Players will discover named points of interest as they explore the world. The crashed Nautika spaceship and the Edmund Fitzgerald are just the first two. There are also a number of Monoliths that can be discovered on Miranda's surface.


Players can harvest resources or capture resource spikes to earn money. Players can also gain money, components and even full units as loot from combat. There are a number of NPC Vendors throughout Miranda where players can buy more common unit components to add to their inventory, or sell off unwanted components. Very successful players will be able to purchase exotic units like Mansion Sur Mont.

Unit Design

Each unit in the game is made up of a number of different components: chassis, shield, weapons, power plant, shields, enhancements etc. The player can combine components into designs and then assign them to construction buildings for manufacture. The player starts with a default inventory of components as well as a set of standard designs which will be very familiar to Command & Conquer players. The most exotic and powerful components can be won in combat, where more common ones can be purchased from a Vendor.

Schedule & Testing

I will be opening Miranda up to 40 or so additional players soon. Each tester will get two Secret Lair Codes so they can bring a friend to play with. I have three major game features (Shroud, Player Progression and The Nemesis System) still to finish plus a great deal of work on other partially complete features like factions, superweapons and the world. My single remaining big non-gameplay feature is scaling the simulation to thousands of simultaneous players - a prerequisite for adding large numbers of additional players.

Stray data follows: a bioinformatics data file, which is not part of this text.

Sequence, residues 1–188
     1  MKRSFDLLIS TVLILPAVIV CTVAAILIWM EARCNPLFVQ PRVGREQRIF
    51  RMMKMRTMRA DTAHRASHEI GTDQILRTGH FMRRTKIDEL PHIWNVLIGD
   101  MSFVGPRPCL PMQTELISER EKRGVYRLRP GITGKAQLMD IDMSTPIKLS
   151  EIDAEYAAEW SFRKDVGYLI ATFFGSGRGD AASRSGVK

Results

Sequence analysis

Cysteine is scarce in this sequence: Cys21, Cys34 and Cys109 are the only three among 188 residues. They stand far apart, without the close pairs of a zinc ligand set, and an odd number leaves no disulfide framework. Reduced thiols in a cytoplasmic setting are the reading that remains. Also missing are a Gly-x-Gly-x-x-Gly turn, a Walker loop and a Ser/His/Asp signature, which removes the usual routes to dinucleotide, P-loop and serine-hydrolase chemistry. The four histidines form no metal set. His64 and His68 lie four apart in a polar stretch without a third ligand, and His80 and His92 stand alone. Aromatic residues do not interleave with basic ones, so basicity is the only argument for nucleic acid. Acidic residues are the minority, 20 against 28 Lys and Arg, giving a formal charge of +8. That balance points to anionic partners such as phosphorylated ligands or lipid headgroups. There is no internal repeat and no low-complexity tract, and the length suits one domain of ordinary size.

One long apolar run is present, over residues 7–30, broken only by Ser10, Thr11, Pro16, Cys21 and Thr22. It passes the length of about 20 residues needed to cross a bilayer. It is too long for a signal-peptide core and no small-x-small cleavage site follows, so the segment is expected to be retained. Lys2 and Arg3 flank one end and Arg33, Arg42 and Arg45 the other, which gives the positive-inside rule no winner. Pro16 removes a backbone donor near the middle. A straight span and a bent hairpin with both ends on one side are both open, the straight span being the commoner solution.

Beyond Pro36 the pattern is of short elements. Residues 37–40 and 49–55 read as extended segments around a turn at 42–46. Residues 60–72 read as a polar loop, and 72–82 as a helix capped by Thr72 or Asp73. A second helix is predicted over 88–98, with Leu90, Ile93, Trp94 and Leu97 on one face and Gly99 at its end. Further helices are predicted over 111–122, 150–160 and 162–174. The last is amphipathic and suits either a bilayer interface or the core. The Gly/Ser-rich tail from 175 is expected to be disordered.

To get started, players download a 1MB installer which then installs the core game which is currently about 500MB. That will grow significantly when more music and sound effects are added. The bulk of the game will stream from the cloud as you play and may be as large as 100GB.

Miranda will be buy-to-play like Guild Wars 2. If I can arrange it, it will be available on Steam.

The floor is now open for questions...

By Rex_Domini on 2016-02-26 17:19:21
Homepage: email:Domini dot Rex at gmail dot com
How will you be selecting your additional players? If you don't mind me asking. I've been eyeing your development for quite some time, and I'm excited to be able to try it.

I look forward to Miranda's full release!
By Robert Basler on 2016-02-26 22:33:12
Homepage: email:one at onemanmmo dot com
The plan is to offer it to some of the people who have signed up for the mailing list.
By Luke Thorne on 2016-02-27 09:09:28
Homepage: email:lukeypukey36 at gmail dot com
Hey again i have only just signed up to the mailing list sadly I have only just heard of the game. Is the chosen ones the people who have been signed up for a while or random?